Samuel Brannan delivered a speech on justice and the enforcement of the law before the trial.[29] The actual trial took place on May 20 of 1856.[27][20] Belle Cora funded several attorneys to represent Charles Cora including Edward Dickinson Baker and James A. McDougall.[30] Belle Cora paid Edward Dickinson Baker $15,000 of his $30,000 retainer in gold and sent meals to Charles Cora while he was in jail.[4] In addition, she even went so far as trying to bribe the star witness Maria Knight to change her testimony.[31] The case was framed as one of self-defense case in which Richardson was alleged to have threatened Charles Cora with a knife.[15] However, the jury could not come to a decision which led to a second trial.[15] However, James Casey murdered the prominent newspaper editor[32] James King of William sparking[33] the Vigilance Committee to resurge and seize both Casey and Cora.[30][34][35] The committee sentence both of them to hang on Friday, May 23, at 12 o'clock.[20] For fear of escape, Charles Cora was led by 3,000 men and two field pieces.[20] Before the execution, Belle and Charles got married by Father Michael Acoltti. Charles said nothing as the noose was placed around his head.[15] The cord was cut at twenty minutes past one o'clock leaving Cora to drop 6 feet and hang for fifty five minutes before being turned over to the coroner.[36][37][38][28]

Political significanceEdit

Belle Cora's stirring up of social norms[18][10][19] is alluded to in Karen Joy Fowler's novel Sister Noon.[39] During a shift towards "civilizing" society, Belle remained steadfast in maintaining her lucrative business which was seen as immoral.[31] In the book Arresting Dress the author Clare Sears opines that Cora inspires female financial agency and the use of sex for empowerment.[8] In addition, she was an advocate fighting against gender stereotypes as exampled by her legal battle with the Vigilance Committee; ultimately she set the precedent to resist further legislation like that of 20th century Sodomy laws.[8]

See alsoEdit


  1. ^ a b c "The Story of Belle Cora", The Belle Cora restaurant, accessed February 3, 2017
  2. ^ "Belle Ryan, Marysville Madame and Business Woman".
  3. ^ Levy, JoAnn (17 July 2013). They Saw the Elephant: Women in the California Gold Rush. University of Oklahoma Press. ISBN 9780806189932 – via Google Books.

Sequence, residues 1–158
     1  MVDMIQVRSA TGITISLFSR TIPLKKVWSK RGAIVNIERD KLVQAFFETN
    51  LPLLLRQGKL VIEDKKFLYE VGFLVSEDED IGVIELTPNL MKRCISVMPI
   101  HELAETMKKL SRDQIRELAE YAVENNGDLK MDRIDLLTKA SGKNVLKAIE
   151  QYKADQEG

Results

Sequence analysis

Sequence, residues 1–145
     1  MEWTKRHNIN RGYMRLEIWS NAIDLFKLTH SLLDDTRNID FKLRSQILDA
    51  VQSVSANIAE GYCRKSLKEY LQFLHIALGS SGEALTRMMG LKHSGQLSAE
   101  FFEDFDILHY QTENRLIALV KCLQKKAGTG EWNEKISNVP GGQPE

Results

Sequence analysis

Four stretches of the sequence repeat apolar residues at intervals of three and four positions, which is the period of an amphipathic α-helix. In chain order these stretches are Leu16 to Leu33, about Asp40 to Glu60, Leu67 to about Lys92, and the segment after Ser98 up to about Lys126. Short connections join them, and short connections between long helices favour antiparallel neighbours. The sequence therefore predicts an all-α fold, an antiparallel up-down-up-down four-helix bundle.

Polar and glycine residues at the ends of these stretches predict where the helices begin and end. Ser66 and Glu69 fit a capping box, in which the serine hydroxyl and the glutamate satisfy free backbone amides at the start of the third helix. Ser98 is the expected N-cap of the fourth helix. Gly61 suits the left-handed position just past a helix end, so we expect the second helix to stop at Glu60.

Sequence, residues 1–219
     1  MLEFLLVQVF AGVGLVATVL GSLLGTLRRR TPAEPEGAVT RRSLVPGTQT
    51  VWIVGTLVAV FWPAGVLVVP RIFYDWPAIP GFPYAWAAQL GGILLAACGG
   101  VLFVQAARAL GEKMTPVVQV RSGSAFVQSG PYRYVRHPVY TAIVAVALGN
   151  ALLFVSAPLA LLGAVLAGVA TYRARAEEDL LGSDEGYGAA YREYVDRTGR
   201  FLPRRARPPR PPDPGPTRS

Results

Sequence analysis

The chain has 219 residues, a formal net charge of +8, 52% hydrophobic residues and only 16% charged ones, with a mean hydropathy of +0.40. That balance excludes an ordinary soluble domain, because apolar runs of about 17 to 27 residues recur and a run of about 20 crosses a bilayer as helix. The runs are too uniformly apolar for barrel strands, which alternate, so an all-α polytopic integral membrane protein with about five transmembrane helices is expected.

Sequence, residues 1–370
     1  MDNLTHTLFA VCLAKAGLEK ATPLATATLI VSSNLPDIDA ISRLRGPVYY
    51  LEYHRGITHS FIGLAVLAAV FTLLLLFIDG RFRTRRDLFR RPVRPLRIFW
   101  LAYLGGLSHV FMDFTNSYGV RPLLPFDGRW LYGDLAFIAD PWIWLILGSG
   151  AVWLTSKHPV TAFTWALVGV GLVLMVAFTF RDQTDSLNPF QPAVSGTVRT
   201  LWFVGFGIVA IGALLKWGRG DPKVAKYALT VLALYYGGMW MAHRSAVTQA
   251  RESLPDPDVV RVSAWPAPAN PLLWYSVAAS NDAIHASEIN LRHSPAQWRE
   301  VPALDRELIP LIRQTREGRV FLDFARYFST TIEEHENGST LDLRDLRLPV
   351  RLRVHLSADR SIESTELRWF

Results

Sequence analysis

4. ^ a b c d e f g h i j k l m n o p q r s Jensen, Vickie. Women Criminals: An Encyclopedia of People and Issues. ABC-CLIO, 2012.
  5. ^ "Cheating, violence in the cards at Gold Rush's gambling dens".
  6. ^ a b Gentry, Curt (1 January 1964). "The Madams of San Francisco: An Irreverent History of the City by the Golden Gate". Doubleday – via Google Books.
  7. ^ Hurtado, Albert L. (1 January 1999). Intimate Frontiers: Sex, Gender, and Culture in Old California. UNM Press. ISBN 9780826319548 – via Google Books.
  8. ^ a b c d e f "Arresting Dress". Duke University Press. Retrieved February 2, 2017.
  9. ^ a b "For Whom the Belle Toils". FoundSF. Retrieved February 3, 2017.
  10. ^ a b Sophie Breider "The Best Bad Things": An Analytical History of the Madams of Gold Rush San Francisco Claremont McKenna College 2017
  11. ^ "Gambling in the Old West - HistoryNet". 12 June 2006.
  12. ^ Lunsford, Sarah. "Take a chance on a longshot".
  13. ^ "The Life and Hard Times of Belle Ryan". 23 July 2012.
  14. ^ Taylor, William. California life illustrated, 1858. [1]
  15. ^ a b c d e Duke, Thomas Samuel. Celebrated Criminal Cases of America. James H. Barry Company, 1910.
  16. ^ "A short history of bordellos in San Francisco, part 2".
  17. ^ "Charles Cora (Unknown-1856)".
  18. ^ a b Hannah Herbert “Some Honest Women:” Gender and Morality in Gold Rush San Francisco
  19. ^ a b Harriet Ritvo Vision and Revision: Nineteenth-Century Women The Threepenny Review, No. 3 (Autumn, 1980), pp. 11-12
  20. ^ a b c d e f g "Eyewitness: San Francisco Committee of Vigilance". 1856. Retrieved February 26, 2017.
  21. ^ "Stanford University School of Medicine and the Predecessor Schools: An Historical Perspective: Part II: E.S. Cooper in San Francisco. Chapter 11. The Vigilance Committee of 1856 - Medical History Center".
  22. ^ "Gold Rush Chronology 1855 - 1856".
  23. ^ "California Historical Landmark #192: Site of Jenny Lind Theatre and San Francisco City Hall in San Francisco".
  24. ^ "Chronological List of San Francisco County Jails 1846-present - History of the San Francisco Sheriff's Department".
  25. ^ "County Jail No. 1 – 1915 to 1961 - History of the San Francisco Sheriff's Department".
  26. ^ a b CALIFORNIA IN TIME: The Fight over Slavery through the Civil War
  27. ^ a b "Assassination of James King of William Surrender of Jas. P. Casey and Charles Cora to the vigilance committee, on Sunday, May 18th, 1856 / / Huestis".
  28. ^ a b "Execution of James P. Casey and Charles Cora, by the vigilance committee, of San Francisco, on Thursday, May 22d, 1856, from the windows of their rooms in Sacramento Street, between Front and Davis Streets / Huestis".
  29. ^ a b Woolley, Lell Hawley. California, 1849-1913: Or, The Rambling Sketches and Experiences of Sixty-Four Years’ Residence in That State. De Witt & Snelling, 1913.
  30. ^ a b Farr, James. “Not Exactly a Hero: James Alexander McDougall in the United States Senate.” California History 65, no. 2 (1986): 104–13. doi:10.2307/25158368.
  31. ^ a b Levy, JoAnn. They Saw the Elephant: Women in the California Gold Rush. University of Oklahoma Press, 2013.
  32. ^ Williamson, G. R. (15 May 2012). Frontier Gambling. G.R. Williamson. ISBN 9780985278014 – via Google Books.
  33. ^ "Demagogue editor fired up readers, revolutionaries". 2014-07-26.
  34. ^ "Hanging of Cora and Casey by the San Francisco Committee of Vigilance".
  35. ^ Adams, Charles F. (1 January 2018). Murder by the Bay: Historic Homicide in and about the City of San Francisco. Quill Driver Books. ISBN 9781884995460 – via Google Books.
  36. ^ "Execution of Casey and Cora - San Francisco, 1856". Archived from the original on 2012-05-10. Retrieved February 26, 2017.
  37. ^ "Sex, Vigilantism, and San Francisco in 1856". Common-Place. 03 (4). 1 July 2003 – via Common-Place.
  38. ^ "The Sonoma County Journal from Petaluma, California on November 24, 1855 · Page 2".
  39. ^ Fowler, Karen Joy. Sister Noon. Penguin, 2002.